Man of Steel: Lavaka Shifts from Respondent to NFL Prospect with Selfless Work Ethics for Weber State | News, Sports, Jobs
Sherwin Lavaka describes his upbringing with down-to-earth simplicity.
The soft-spoken Weber State linebacker grew up in Kearns, Utah, as one of 10 members of the Lavaka family.
“It was tough. We struggled a lot, but we kept moving forward. I just tried to make the most of what I had,” Lavaka said.
In Kearns High School, Lavaka ran on track, wrestled, and played football and rugby – the latter sport that connects many Polynesians to islands where there is no football. He was the best at football, however, and he knew it gave him the best opportunity after high school.
It wasn’t a straight into college for the lean wide receiver and running back, who also played the occasional safety at Kearns. With her two brothers on mission for The Church of Jesus Christ of Latter-day Saints, money was lacking in the house.
“He is very selfless. He’ll always be thinking of others, ”WSU linebacker coach Matty Ah You said of the all-conference linebacker. “There were times last year where we maybe had a lead into the fourth quarter, he’s the kind of person who calls out other guys to come in and play.”
So instead of pursuing college football opportunities, Lavaka went to work cutting and welding for a steel company in western Jordan. He says he usually worked about 60 hours a week.
His brother, Gus, returned from a mission and signed on to play for Oregon State. So Lavaka found his crampons, traveled to Ephraim, Utah, and walked to Snow College in 2017.
He had grown quite a bit during his year away from football, so Snow’s coaches moved him to linebacker, a position he had never played. He used his raw physical talents to make a name for himself and was a scholarship recipient before his first call camp ended.
Rick Bowmer, Associate Press Utah quarterback Charlie Brewer (12) throws a pass as Weber State linebacker Sherwin Lavaka (13) falls during a college football game on September 2, 2021 in Salt Lake City.
In his second season at Snow, Lavaka totaled 45 tackles, two for a loss, one sack, with a forced fumble and a recovery fumble. He signed with Weber State ahead of the 2019 season and got what he felt like his first real tutelage from linebacker Matt Hammer and junior linebackers Noah Vaea and Conner Mortensen.
“It was a great learning experience,” Lavaka said. “Noah took me under his wing and taught me all about mike linebacker… everything just started to click.”
By the time of the spring 2021 season, Lavaka was the next man behind Vaea at center linebacker and Mortensen on the outside. At 6-1 / 1, 225 pounds, he had become a Division I linebacker.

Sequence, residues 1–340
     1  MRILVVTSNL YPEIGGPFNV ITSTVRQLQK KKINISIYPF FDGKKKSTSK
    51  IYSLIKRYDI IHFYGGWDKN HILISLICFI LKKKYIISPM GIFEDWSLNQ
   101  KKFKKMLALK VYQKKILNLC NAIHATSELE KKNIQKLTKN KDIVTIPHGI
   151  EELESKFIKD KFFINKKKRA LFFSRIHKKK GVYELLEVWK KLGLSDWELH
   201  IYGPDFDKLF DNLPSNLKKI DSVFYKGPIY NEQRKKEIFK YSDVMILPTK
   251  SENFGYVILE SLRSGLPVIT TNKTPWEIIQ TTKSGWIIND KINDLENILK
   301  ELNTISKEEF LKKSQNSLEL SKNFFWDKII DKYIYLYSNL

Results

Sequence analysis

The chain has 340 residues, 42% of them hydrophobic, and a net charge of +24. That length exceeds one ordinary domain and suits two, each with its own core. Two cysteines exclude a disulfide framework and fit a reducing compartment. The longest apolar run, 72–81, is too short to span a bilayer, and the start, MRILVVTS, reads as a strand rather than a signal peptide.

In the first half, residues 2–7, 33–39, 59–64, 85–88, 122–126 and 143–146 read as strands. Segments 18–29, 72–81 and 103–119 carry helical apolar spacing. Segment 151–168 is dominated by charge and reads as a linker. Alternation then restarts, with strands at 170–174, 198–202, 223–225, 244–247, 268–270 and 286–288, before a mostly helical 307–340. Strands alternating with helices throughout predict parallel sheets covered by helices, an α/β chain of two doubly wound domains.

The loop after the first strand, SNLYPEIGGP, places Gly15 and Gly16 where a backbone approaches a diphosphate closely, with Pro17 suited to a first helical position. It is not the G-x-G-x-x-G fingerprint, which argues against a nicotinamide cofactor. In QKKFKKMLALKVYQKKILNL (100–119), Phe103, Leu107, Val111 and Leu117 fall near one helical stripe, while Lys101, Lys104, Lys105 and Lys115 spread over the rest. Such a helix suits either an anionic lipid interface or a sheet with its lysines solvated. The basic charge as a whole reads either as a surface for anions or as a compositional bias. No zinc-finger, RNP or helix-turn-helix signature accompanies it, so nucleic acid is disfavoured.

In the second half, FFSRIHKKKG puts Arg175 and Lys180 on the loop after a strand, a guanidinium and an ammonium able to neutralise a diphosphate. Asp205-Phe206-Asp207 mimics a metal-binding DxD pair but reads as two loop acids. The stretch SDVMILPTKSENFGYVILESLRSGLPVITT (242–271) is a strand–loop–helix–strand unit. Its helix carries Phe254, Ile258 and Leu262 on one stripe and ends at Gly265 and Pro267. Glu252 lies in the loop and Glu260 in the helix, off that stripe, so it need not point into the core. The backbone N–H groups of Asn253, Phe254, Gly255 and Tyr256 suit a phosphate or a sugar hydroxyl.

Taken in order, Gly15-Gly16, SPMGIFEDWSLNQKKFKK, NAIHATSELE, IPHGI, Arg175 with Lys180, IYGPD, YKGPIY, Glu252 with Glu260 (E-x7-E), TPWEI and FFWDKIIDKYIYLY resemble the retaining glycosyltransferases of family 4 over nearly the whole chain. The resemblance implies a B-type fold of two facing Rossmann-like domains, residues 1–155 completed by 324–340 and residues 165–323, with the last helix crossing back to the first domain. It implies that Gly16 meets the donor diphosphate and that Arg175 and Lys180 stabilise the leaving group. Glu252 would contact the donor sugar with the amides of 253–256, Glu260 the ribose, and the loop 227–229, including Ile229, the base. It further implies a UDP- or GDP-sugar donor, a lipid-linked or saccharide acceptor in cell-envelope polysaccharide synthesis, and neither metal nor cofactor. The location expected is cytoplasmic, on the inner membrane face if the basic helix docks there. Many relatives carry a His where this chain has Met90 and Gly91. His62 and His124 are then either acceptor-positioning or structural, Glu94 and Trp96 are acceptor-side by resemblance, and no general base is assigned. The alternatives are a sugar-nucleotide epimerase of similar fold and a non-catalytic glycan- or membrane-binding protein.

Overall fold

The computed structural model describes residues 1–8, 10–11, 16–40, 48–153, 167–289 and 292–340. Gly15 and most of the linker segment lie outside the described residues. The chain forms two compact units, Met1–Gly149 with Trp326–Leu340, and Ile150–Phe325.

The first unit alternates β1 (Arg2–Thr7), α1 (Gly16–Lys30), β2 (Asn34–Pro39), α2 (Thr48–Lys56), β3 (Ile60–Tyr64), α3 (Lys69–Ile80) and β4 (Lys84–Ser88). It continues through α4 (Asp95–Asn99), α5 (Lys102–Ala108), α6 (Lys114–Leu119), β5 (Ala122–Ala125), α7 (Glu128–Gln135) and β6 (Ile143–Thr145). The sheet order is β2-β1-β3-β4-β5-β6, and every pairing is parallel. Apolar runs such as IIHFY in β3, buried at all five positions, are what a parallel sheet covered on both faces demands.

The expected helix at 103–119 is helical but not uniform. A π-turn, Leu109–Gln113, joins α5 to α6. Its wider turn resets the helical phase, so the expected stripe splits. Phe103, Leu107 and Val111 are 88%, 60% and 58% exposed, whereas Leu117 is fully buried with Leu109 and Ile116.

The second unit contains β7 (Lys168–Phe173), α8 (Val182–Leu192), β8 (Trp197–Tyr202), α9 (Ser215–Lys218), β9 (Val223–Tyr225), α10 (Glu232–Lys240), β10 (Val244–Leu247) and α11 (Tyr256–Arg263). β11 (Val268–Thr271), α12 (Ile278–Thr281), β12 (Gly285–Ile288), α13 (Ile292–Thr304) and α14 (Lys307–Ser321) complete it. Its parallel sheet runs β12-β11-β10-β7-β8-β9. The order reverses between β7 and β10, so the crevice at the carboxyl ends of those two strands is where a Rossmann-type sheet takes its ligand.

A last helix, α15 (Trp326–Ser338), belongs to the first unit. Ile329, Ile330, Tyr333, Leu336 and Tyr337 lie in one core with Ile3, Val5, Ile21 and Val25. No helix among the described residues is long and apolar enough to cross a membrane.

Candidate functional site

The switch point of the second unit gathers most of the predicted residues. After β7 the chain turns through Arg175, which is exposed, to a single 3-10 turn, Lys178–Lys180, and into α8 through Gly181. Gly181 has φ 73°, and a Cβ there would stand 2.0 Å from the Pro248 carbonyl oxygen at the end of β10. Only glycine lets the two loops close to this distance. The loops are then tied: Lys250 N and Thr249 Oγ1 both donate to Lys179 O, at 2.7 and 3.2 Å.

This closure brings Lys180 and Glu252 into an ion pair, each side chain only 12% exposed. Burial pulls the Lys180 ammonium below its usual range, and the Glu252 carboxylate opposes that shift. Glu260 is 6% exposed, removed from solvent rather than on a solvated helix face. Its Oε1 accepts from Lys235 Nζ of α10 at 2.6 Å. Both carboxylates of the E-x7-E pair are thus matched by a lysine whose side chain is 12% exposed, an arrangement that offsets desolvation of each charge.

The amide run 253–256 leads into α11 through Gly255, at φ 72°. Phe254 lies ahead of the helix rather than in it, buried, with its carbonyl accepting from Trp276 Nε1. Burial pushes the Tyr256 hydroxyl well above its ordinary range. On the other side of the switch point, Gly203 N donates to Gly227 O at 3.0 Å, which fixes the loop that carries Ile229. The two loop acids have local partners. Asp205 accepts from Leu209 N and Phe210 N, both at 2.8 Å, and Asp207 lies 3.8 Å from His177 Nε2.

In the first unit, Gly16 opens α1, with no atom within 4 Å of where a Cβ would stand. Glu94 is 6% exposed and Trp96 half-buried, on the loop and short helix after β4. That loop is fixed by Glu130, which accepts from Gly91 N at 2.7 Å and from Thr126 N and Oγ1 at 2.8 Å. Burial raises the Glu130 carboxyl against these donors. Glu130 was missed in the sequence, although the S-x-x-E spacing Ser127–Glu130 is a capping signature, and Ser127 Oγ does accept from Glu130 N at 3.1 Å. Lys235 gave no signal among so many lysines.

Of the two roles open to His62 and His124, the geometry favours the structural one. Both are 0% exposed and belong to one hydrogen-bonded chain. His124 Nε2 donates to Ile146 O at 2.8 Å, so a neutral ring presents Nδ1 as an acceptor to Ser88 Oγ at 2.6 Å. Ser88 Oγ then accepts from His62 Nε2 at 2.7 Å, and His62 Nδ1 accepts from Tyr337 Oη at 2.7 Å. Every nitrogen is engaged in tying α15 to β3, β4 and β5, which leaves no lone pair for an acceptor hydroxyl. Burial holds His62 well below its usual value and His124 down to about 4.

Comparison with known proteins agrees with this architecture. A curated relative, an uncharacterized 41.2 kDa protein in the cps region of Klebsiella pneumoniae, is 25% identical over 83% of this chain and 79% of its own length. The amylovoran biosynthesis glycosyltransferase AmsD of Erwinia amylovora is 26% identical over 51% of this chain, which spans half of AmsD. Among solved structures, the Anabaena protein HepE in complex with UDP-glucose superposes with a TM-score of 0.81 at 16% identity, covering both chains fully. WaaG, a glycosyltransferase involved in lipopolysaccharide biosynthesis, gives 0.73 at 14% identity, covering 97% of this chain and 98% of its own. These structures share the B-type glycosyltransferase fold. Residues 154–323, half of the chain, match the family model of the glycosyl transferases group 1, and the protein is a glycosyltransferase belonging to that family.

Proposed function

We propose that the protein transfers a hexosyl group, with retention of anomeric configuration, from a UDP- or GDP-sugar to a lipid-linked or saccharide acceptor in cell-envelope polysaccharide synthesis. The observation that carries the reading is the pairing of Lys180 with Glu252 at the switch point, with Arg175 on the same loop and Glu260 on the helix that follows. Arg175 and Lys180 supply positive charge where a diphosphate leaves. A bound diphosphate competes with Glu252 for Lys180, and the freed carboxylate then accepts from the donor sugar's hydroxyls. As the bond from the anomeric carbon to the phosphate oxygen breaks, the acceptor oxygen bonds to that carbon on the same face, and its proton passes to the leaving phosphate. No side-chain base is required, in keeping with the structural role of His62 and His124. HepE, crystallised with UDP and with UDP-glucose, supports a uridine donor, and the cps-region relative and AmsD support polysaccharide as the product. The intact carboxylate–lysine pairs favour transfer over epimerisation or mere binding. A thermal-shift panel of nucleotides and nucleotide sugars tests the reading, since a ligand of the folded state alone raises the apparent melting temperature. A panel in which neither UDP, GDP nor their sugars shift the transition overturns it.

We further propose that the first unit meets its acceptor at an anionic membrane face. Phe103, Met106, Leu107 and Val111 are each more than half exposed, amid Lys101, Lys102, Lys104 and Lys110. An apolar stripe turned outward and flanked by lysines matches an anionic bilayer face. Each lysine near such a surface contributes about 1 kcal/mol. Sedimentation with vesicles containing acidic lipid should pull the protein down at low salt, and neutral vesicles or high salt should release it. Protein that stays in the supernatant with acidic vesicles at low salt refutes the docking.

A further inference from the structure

“Sherwin is a guy who plays 110% every game. In practice, I often try not to give him as many reps because he doesn’t really need as many as maybe the guys behind him, and he just can’t stand that. He wants to be on every game, every rep, every special team, ”said Ah You. “What it does for our defense is it gives them a mindset of no matter who you are… you’re supposed to play a certain way, you play as hard as you can.
“He’s the type of player you build your culture around. We have several of these players on our team.
Vaea broke his arm in the Spring opener and never returned as the six-game season was too short for a comeback. Lavaka took his starting spot in the middle, totaled 26 tackles and two sacks and was named the All-Big Sky second team at the end of the season.
After graduating, Vaea decided to quit football despite the year of free eligibility granted to all athletes due to the effects of the COVID-19 pandemic in 2020.
So, Lavaka changed his number from 55 to number 13 from Vaea.
“I took his number just to remember him, because I admire him,” Lavaka said.
Ah You added, “Of course we miss Noah, but Sherwin stepped in and did a great job. He was all-conference for a reason, he’s a great player.
Last week in the loss to James Madison, Lavaka totaled seven tackles, one for loss, behind just eight tackles for Mortensen. Halfway through the first quarter, Lavaka visibly filled a ceiling on a run game against JMU’s Kaelon Black, stopped Black in his tracks near the line of scrimmage with a pop, and battled him for the tackle.
“He had so many good plays in this game,” said WSU head coach Jay Hill. “He was physical, he was downhill, he did a good job on the cover. And, he had one of those key missed tackles we’re talking about that really cost us in the third quarter.
“What’s cool about Sherwin is that I guarantee you he’ll watch more movies this week, come back and train like crazy, because it hurt him. The reality is he’s one of the best linebackers in the country. He’s going to be an NFL guy, he’s got NFL scouts starting to really like him.
Not bad for a guy who entered college after a year of working in a steel mill.
“I’m just thankful they took a chance on me. I’m just a kid from Kearns, ”Lavaka said. “They welcomed me with my family. (Ah you), he teaches me everything, a bit like a big brother does. And all of our guys, our bond is so close, we complement each other… I’m glad they took a chance on me.